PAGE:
Kade laughed. He was relieved he hadn’t been wrong about the connection between them, but times must have changed since he got with Niall, because he was sure he had never heard of anyone getting picked up in a supermarket. He wondered if Blake was going to suggest they go have a look at the vegetables and select out some of the most phallic items on offer to complement their impromptu lunch.

Kade shook his head. “That’s a very kind offer, but I can’t. Sorry.”

“Are you sure?”

No. “Yes.”

Blake shrugged. “Okay. Well, if you change your mind I’m heading for the butcher’s counter.” Blake bent and picked up his basket. When he straightened up, he looked at Kade and bit his lower lip, releasing it on a smile.

Kade’s words gushed out on a breath he hadn’t realized he had been holding. “You’re very forward, aren’t you?”

Blake leaned into Kade. Blake was a few inches shorter, but somehow the way he held himself made Kade feel small. Blake brought his free hand up and pressed his thumb against Kade’s cheek, cupping his fingers on Kade’s neck just beneath his earlobe.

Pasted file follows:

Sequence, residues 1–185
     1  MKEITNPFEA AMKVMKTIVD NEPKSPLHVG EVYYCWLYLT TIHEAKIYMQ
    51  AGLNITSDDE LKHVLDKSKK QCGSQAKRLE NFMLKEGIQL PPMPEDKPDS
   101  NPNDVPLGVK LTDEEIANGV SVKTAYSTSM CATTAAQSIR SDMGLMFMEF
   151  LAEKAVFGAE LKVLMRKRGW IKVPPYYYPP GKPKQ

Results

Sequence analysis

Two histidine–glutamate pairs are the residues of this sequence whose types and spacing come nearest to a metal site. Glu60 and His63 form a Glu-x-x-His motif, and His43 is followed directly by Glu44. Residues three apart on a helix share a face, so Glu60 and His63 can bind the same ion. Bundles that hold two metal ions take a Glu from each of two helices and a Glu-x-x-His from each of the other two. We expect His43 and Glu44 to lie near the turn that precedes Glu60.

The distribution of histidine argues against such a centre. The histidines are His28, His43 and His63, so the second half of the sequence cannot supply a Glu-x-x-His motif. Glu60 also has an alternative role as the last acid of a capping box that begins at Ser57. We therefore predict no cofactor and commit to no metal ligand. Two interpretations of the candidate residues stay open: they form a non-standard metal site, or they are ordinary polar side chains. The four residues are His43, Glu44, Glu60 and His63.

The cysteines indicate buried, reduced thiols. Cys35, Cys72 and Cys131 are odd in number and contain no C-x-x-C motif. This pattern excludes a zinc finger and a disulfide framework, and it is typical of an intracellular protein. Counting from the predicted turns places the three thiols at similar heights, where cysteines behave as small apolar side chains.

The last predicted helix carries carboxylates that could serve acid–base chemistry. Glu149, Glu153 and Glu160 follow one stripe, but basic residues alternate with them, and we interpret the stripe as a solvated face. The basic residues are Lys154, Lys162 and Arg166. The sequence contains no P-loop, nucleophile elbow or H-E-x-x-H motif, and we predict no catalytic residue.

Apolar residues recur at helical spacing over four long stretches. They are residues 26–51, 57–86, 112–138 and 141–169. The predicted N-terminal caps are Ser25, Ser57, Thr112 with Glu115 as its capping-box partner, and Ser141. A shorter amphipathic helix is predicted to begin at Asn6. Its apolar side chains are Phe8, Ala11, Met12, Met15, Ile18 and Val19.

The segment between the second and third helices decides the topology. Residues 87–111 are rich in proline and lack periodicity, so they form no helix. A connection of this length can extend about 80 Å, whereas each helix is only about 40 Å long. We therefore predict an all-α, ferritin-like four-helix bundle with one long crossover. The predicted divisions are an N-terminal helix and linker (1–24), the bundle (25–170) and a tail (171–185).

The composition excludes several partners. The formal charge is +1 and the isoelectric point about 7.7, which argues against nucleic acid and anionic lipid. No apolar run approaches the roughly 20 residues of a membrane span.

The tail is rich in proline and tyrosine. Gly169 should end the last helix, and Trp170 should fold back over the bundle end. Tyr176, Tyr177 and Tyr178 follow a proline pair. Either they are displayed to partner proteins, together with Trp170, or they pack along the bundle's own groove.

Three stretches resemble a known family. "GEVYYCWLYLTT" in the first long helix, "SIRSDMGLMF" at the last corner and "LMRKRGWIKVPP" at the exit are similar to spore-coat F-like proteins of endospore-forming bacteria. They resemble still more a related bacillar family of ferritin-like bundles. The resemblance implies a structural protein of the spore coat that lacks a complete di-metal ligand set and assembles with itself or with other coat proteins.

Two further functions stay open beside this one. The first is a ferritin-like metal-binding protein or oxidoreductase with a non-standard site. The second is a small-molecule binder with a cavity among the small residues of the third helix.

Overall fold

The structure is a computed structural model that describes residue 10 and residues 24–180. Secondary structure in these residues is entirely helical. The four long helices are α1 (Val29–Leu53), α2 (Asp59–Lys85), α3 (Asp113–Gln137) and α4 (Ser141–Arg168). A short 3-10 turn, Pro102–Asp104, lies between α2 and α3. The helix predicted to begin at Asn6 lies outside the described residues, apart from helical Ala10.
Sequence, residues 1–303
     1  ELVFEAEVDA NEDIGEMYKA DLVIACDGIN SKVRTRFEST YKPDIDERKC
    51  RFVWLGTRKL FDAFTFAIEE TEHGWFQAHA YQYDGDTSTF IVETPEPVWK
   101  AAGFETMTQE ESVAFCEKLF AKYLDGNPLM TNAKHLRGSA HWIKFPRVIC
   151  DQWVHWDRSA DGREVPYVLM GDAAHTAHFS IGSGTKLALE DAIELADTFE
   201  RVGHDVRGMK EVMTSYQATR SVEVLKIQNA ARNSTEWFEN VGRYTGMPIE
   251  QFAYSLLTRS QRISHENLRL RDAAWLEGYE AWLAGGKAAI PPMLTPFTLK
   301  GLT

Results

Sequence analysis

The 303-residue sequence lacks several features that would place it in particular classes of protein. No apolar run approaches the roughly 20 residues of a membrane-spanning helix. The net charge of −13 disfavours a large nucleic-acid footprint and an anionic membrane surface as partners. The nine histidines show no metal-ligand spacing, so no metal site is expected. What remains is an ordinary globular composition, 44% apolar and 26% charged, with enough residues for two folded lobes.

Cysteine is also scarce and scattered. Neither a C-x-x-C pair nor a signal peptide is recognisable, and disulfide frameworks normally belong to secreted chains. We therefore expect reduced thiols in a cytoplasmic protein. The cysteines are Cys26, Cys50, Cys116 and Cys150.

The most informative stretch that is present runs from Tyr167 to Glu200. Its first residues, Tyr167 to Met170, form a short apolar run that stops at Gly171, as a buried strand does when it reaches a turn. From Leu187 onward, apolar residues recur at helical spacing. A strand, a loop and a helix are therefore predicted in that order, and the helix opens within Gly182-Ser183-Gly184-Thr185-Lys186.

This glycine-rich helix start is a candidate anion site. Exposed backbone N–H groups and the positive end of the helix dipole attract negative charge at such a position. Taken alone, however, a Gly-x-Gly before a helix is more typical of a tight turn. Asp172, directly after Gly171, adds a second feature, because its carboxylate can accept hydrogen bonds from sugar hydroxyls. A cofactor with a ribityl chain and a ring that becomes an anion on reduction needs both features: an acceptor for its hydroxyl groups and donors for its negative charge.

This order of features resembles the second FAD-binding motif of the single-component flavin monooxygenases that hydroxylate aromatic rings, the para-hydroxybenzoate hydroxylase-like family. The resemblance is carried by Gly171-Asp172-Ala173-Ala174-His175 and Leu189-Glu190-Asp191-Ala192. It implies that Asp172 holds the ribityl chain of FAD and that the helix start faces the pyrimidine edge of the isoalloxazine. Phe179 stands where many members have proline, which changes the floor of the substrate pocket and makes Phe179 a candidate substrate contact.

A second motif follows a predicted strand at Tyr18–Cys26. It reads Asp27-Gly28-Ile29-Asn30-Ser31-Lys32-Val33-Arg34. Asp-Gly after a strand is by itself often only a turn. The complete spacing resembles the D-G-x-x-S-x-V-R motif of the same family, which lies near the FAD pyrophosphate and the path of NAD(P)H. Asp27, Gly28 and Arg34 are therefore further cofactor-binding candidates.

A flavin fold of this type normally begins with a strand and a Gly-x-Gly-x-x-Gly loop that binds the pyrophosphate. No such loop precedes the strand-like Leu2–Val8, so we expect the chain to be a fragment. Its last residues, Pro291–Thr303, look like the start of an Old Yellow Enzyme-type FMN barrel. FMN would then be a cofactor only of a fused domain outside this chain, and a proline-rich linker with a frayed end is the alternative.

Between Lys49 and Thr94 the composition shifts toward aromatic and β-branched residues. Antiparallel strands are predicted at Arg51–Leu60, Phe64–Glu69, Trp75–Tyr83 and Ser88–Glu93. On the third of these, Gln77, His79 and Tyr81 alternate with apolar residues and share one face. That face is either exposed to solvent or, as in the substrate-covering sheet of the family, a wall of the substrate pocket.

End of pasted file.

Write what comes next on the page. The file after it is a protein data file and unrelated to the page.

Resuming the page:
“My mum, in addition to trying to mutilate me with lobsters, always told me that shy kids get nothing.” He flicked his head back in the direction of the butcher’s counter and, with another smile, left Kade standing alone.

Kade’s breathing was a little rougher than it should have been, and his cheek felt like it had just been touched by fire. He took a few minutes and pretended to stare at the fish as he tried to work out what had just happened. He wasn’t stupid. He was pretty sure he had the basics down, but he still didn’t understand.

A gorgeous man had just walked up to him in the middle of a packed supermarket and propositioned him, admittedly only to share lunch, but Kade had no doubt there had been more going on behind Blake’s eyes than the simple thought of sustenance.

And Kade had said no, had said he couldn’t. But why couldn’t he? He was single, he was still young even if he didn’t feel it anymore, and he had left his bedroom looking relatively tidy. Why couldn’t he take a random stranger home for fun? Kade turned and looked at the queue for the butcher’s counter. Those broad shoulders and the long blond hair were easy to spot. He looked Blake up and down and caught himself before he could start laughing.

Flip-flops, in Scotland, in November. That was why not. Blake might be hot, his accent might be the stuff of Kade’s teenage sexual fantasies, but if the man thought that was appropriate footwear for a Scottish winter, he was obviously a few chips short of the full fish supper.

Copyright © Douglas Black